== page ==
Intestacy, death without a will or with a flawed or invalid will can be costly. If you’ve visited our website or read our blog before, hopefully you have a strong understanding of the vital importance of estate planning and creating a will. Unfortunately, it is quite common for people to pass away without ever having taken any steps to legally define their wishes for how their estates should be administered and who should inherit their property.
When a person dies without leaving a will, their estate is described as being “intestate.” Intestacy law refers to the process of determining who will inherit the property of a decedent who leaves more property than debts when they die but neglect to leave a will, or they leave a will that does not address key points, in which case partial intestacy may apply. Keep in mind, all estates without a will are required to pass through probate in Florida, and if an estate is insolvent, then intestacy laws will not be applicable.
In the US, intestacy laws vary from state to state, and determining who has the right to inherit certain assets can be an incredibly complex process that raises difficult questions. If you die with both a living spouse and living children, who should inherit your assets? If you have no descendants and your spouse passes before you do, but your spouse has children from a previous marriage, do they have a claim to your estate?
In Florida, intestate succession will depend on the circumstances of the decedent’s living relatives, as well as those of a surviving spouse. For example, if the decedent leaves behind both a living spouse and descendants, and all of the descendants are also descendants of the living spouse, and the spouse has no other living descendants, then the spouse is entitled to the entire probate estate. If the decedent leaves behind descendants and no spouse, then the descendants are entitled to the entire estate. However, if the decedent leaves behind both descendants and a living spouse, and the descendants are not related to the living spouse, then the estate will be split 50/50 between the spouse and descendants. And finally, if a decedent leaves behind descendants who are also all descendants of the surviving spouse, but the surviving spouse also has descendants who are not descendants of the decedent, then the surviving spouse will inherit only 50%. As you can see, the scenarios can become fairly complex without proper planning.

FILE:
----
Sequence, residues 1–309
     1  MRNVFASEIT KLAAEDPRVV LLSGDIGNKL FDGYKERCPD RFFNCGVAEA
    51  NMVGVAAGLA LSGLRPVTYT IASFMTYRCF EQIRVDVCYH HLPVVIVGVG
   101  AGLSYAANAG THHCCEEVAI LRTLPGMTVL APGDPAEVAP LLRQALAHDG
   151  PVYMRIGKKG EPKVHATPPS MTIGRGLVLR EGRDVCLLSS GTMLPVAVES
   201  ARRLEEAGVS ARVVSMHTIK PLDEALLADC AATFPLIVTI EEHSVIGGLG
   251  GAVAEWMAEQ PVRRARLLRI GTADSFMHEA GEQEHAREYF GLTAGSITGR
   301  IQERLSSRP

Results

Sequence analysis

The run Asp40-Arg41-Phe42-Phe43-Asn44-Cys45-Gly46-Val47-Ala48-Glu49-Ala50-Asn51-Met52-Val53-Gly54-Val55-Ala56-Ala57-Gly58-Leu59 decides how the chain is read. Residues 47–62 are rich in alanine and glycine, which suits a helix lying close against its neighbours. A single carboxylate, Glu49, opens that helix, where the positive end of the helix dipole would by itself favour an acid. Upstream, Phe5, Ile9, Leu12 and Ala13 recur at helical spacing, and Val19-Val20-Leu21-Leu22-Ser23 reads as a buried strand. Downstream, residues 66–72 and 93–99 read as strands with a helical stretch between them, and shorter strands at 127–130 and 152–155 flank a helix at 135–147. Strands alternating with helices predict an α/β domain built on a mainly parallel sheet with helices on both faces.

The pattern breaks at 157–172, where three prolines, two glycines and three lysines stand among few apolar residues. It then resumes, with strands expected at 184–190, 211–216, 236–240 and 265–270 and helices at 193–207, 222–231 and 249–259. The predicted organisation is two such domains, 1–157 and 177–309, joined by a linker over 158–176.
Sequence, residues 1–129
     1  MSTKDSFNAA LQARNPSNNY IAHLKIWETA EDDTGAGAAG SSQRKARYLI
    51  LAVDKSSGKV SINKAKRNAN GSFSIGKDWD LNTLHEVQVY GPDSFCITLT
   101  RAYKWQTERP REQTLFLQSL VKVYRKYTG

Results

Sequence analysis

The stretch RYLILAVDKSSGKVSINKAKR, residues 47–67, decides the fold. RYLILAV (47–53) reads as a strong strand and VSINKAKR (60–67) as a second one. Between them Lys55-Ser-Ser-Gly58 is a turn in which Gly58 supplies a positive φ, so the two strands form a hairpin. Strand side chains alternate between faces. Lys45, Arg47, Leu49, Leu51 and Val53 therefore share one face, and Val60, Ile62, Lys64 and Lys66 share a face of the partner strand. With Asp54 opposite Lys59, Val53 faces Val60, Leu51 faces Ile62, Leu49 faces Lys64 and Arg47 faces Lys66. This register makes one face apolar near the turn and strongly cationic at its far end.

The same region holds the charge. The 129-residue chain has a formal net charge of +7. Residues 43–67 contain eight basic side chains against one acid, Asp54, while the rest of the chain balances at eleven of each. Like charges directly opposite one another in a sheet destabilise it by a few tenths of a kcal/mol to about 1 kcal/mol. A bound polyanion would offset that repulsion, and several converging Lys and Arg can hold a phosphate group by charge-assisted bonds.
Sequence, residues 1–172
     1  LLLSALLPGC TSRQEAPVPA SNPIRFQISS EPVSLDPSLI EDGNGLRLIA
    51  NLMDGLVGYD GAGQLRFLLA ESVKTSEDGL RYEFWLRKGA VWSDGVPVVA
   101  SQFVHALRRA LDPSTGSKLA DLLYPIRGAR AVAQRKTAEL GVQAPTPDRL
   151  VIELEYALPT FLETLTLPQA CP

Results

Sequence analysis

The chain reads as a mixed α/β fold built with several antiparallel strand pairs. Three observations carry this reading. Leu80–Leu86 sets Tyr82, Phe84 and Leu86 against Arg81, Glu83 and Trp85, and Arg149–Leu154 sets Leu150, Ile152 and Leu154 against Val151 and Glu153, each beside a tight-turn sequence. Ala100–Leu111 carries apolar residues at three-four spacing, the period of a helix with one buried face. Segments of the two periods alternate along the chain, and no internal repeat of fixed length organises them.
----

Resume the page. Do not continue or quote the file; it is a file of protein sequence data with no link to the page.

There are a number of different circumstances that can arise and are addressed by Florida intestacy statutes, including scenarios where the decedent does not leave behind a living spouse or children. In such cases, the parents of the decedent generally have first claim to the probate estate, followed by siblings. For the purposes of intestacy, Florida law entitles half siblings to a one-half share as compared to the share of full siblings.
Keep in mind, not all property will be included in the intestate estate. Only property that is part of the probate estate can be included. This usually means property that was in the sole name of the decedent. Assets that are not part of the probate estate may include living trusts, retirement funds, and life insurance proceeds.
Even with clear statutes regarding succession in Florida, having a relative die without leaving a will can lead to a great deal of strife amongst family members. It is always in your best interests to create a will before you die to avoid conflict and other major issues. However, if a loved one passes away without leaving a will, and you believe you have a claim to the inheritance, you will likely need an attorney to advocate on your behalf. Whether you need assistance with planning your estate to avoid intestacy, or if you need representation following the passing of a loved one, please contact the Law Offices of John Mangan today.